In the field of industrial psychology, one explores human behavior within the workplace environment and applies various psychological methods, which helps an organization to reach its objectives.
Mireya Mata works as a contractor at Lockheed Martin Aeronautics developing training courses. She works with the subject matter expert to identify problems and find solutions. Her training courses help supervisors through role-playing and other activities that allow people to share experiences with other supervisors; thereby giving them tools to assist their assemblers and mechanics.
When she was in high school, she was a police explorer and moved up the ranks to captain of the explorers. The Police Explorer program takes teenagers and trains them to become police officers. When she took her core courses at a community college, she originally thought she would get into law enforcement to become a police officer. Upon completing her first year, she changed her major to correctional science with the plan to become a probation officer.
She has always been interested in human behavior and earned a Bachelor's of Arts degree in psychology. She knew she couldn't get a job with just a bachelor's degree. She felt that in order to get a job she would need at least a master's and a doctorate if she went the clinical psychology route. She didn't want to go the clinical route, however, and believed that the practical thing that would fit her needs would be to earn a master's degree.
Mata balanced the role of teacher and student. She was a middle and high school substitute teacher by day and a student at night. Mata earned a master's degree in Industrial Psychology from St. Mary's University in San Antonio.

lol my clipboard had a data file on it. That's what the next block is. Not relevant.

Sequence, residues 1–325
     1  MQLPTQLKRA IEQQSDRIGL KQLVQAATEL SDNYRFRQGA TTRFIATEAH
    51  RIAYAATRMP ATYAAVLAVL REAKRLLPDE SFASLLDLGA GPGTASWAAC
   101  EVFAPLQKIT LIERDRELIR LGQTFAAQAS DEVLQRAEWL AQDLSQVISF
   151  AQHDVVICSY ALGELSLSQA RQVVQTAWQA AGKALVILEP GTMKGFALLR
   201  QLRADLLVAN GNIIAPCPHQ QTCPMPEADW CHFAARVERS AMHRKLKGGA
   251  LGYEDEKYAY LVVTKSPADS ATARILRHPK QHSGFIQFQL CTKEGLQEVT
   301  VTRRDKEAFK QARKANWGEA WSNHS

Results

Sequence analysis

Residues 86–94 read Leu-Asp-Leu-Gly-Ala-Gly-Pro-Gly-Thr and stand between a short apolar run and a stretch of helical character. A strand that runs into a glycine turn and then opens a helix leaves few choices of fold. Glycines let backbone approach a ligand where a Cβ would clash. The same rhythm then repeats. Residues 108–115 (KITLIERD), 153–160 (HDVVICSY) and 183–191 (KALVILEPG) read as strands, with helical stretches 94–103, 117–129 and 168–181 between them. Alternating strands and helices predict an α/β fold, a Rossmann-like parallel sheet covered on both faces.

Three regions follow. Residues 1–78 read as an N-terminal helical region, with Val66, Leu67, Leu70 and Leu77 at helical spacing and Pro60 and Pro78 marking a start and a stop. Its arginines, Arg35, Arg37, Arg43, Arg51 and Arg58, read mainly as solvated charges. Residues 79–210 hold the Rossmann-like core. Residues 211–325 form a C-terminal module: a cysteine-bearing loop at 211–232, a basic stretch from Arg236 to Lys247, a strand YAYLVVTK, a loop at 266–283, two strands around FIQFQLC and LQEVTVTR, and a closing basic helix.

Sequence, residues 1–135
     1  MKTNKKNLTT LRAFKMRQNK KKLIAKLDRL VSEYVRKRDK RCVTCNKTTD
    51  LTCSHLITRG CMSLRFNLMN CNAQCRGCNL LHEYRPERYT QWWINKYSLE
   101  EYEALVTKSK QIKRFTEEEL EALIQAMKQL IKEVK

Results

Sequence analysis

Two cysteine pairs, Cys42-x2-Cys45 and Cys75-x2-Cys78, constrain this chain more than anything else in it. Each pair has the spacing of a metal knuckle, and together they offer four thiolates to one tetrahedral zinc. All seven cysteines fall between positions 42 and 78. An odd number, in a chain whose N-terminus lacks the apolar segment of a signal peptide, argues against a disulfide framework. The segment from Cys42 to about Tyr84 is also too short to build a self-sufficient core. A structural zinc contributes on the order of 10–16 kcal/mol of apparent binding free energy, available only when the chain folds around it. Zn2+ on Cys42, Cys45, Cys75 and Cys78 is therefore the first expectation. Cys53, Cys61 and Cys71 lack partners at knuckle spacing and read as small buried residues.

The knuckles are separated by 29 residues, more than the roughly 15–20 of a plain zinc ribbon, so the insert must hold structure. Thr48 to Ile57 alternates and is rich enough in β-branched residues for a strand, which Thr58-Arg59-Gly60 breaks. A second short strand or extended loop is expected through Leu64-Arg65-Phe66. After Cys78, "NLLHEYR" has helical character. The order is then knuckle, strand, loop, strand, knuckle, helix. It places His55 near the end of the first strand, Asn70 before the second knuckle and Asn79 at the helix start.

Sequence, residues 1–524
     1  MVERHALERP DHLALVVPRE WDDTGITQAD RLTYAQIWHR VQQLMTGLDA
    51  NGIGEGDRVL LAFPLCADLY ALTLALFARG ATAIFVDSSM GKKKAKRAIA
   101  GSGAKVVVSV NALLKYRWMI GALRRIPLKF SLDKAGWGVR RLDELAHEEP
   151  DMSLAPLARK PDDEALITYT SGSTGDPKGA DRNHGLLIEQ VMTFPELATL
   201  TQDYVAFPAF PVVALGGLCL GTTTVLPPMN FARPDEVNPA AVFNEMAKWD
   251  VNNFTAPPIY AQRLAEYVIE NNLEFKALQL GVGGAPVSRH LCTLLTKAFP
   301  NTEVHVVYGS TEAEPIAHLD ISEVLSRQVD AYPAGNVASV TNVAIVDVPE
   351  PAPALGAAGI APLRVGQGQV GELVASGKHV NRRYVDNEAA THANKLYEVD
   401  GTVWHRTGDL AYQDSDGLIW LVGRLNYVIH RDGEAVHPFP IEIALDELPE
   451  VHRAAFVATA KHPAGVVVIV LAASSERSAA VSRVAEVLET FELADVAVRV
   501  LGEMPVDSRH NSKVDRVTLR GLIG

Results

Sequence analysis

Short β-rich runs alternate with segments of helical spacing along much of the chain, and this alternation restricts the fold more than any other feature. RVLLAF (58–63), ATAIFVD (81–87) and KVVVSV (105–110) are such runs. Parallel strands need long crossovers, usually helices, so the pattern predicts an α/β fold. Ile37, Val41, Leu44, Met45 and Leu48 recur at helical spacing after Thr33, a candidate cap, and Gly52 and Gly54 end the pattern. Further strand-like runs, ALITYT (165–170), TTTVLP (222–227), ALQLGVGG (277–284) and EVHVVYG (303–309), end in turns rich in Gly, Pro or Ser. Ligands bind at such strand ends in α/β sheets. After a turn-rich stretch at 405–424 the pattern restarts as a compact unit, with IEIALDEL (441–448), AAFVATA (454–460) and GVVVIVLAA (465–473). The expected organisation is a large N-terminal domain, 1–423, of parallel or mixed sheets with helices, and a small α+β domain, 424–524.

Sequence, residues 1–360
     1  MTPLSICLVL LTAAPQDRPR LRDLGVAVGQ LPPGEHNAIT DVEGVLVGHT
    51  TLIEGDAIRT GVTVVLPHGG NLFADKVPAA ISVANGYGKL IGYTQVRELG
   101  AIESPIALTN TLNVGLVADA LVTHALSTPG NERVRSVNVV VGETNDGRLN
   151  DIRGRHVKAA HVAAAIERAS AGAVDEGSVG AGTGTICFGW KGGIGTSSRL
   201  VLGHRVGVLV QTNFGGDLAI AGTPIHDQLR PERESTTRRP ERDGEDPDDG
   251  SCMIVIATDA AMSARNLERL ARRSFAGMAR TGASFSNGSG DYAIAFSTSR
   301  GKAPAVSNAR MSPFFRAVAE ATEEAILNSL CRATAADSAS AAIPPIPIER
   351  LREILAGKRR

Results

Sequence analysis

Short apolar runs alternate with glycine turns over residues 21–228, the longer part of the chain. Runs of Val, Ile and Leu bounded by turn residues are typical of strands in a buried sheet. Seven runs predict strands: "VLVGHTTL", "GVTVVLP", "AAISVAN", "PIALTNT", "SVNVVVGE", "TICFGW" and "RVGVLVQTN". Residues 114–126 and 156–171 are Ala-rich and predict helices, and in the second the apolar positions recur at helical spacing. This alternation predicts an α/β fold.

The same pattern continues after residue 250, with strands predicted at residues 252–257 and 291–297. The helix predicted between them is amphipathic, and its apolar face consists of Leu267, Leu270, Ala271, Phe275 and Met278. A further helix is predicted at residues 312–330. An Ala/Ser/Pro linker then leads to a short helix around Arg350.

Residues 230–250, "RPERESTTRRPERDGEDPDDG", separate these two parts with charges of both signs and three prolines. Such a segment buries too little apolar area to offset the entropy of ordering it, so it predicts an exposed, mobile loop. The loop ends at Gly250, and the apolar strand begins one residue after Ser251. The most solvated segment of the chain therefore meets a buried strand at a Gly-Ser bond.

Her graduate school adviser helped her get placed in her first job as a research scientist for a small defense contractor. "I learned a lot. I didn't have any experience. It was fun to learn so much," said Mata.
"I traveled with a three-star general to 14 different countries. I got to live in Germany while working for Hughes Training, which was owned by General Motors. By living in another country, I learned to have confidence in myself."
"Education is never a wasted effort. You learn in the classroom, but you also learn about yourself and that is valuable."
Robin D. Everson is a native Chicagoan who resides in Dallas, Texas. Her appreciation for art, food, wine, people and places has helped her become a well-respected journalist. A life-long lover of education, Robin seeks to learn and enlighten others about culture. You can find her work at Examiner.com
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